If if do not demand that P should be inside the quadrilateral, then yes. But its not as you show in your picture. As I already wrote in my post above, there are only two solutions if C>13,7 (approx., exact expression is given in my post above). For 0<CD<13,7 there is only one single solution.
A different approach to the problem, but with the same previous results:
Study of the problem. Possibility of freedom of movement of point P (x0, y0).
I should say something about the possibility that the point P can move at least around the rectangle. From this analysis it seems possible. It requires further study.
Looks interesting - could you please elaborate on what the various plots in our sheet show?
As far as I see your functions are dependent on variable length CD and variable length BC.
In the (extended) question so far AB and CD were still parallel and so BC could be calculated based on CD.
Does your sheet extend the problem further to even more general quadrilaterals?
As far as I understood the pending question so far is a about the position of P and the distance AP when CD is changing (with DC parallel to AB).
Which problem do you study in your sheet?
It is the study of the trend of the two segments, a and f, varying the dimensions of the rectangle sides simultaneously (the two surfaces) and of one side at a time (graphs).
@-MFra- wrote:
It is the study of the trend of the two segments, a and f, varying the dimensions of the rectangle sides simultaneously (the two surfaces) and of one side at a time (graphs).
Not sure if i understand correctly.
Do you really mean rectangle? This would mean AB=CD and AD=BC as in the initial question.
Given theta and psi there are just two distinct solutions for the point P - one inside and one outside of the rectangle as shown in a post above.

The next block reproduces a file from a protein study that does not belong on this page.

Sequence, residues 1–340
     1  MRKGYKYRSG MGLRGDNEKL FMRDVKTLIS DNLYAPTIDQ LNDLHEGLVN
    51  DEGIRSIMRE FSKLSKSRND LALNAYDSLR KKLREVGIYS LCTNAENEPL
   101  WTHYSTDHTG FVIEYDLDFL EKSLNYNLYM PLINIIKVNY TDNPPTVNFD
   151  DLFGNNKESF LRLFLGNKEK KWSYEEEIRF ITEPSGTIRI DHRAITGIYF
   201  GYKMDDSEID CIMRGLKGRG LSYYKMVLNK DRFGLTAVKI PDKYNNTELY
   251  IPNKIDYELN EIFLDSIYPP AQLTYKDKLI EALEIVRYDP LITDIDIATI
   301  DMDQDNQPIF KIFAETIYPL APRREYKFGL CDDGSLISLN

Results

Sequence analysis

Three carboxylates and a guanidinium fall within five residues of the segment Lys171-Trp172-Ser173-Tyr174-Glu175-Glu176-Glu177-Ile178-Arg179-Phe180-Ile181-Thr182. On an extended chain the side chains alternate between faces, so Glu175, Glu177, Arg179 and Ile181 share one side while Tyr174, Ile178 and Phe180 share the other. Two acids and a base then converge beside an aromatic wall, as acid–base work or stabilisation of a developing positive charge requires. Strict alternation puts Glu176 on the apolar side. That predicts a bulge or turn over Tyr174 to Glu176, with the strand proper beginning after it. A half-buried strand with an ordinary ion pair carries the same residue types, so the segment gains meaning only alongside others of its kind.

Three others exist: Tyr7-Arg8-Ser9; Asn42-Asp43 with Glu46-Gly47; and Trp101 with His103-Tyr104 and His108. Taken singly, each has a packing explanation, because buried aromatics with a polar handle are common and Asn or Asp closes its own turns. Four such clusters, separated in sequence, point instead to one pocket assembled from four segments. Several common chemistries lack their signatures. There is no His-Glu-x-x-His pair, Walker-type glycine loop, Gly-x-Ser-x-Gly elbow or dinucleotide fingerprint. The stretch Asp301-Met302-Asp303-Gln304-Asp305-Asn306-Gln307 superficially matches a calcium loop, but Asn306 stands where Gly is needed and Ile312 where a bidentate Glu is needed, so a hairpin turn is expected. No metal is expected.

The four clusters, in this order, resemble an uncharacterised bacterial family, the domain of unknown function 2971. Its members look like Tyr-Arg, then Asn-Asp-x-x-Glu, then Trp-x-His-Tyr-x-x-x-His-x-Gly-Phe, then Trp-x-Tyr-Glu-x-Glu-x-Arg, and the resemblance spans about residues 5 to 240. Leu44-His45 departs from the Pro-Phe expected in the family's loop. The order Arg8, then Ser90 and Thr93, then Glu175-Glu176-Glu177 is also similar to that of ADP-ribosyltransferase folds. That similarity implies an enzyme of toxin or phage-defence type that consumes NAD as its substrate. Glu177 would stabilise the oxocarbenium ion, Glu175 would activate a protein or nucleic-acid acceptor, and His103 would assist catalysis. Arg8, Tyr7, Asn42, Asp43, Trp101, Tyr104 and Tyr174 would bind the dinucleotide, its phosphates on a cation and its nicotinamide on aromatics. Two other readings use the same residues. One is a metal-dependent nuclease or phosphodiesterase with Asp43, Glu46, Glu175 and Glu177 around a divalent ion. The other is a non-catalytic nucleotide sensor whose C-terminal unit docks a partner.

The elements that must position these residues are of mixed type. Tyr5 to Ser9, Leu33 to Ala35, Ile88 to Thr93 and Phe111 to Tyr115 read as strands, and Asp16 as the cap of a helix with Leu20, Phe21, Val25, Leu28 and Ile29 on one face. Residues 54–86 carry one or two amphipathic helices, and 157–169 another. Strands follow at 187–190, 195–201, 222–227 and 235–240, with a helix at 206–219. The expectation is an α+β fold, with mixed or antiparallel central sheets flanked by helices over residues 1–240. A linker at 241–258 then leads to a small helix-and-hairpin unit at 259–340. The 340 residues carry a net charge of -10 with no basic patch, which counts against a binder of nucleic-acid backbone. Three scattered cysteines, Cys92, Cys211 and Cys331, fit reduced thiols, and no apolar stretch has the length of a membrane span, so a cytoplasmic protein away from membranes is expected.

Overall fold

As you wrote about the point P moving around the "rectangle" I guessed you meant a more generic quadrilateral where A, B and D are as given initially but C can be anywhere in the plane as you made all dependent on DC and BC. If this assumption of mine was correct this still would mean that P can only be on a circle (better: arc) through B and D, since the angle PBD is always 165 ° (for P inside the quadrilateral, otherwise 105° and two other arcs).
I also don't see how you would define a and f if ABCD is not a rectangle.
Basically I don't see which quantities of the original question are fixed for you (guess A, B and D with their respective length AB, etc. and also angles psi=DBC and theta=BPC) and which are variable.
A sketch (if ABCD is not necessarily a rectangle) would certainly help me to understand what you are showing, I guess.
No answer - that's a pity!
But no matter - anyway, to conclude for what ever it may be worth, here is a small animation made a few days ago, which shows the position of the possible solutions for P and the graphs of the distance functions at variable distance CD.
have fun!
Hooray! I won! I believed in Werner and made a bet on him in the bookmaker's office! He came first to the finish, sorry, to the solution. But this is an intermediate finish! We remove one more restriction - the trapezoid lies not on the plane, but on a sphere with radius R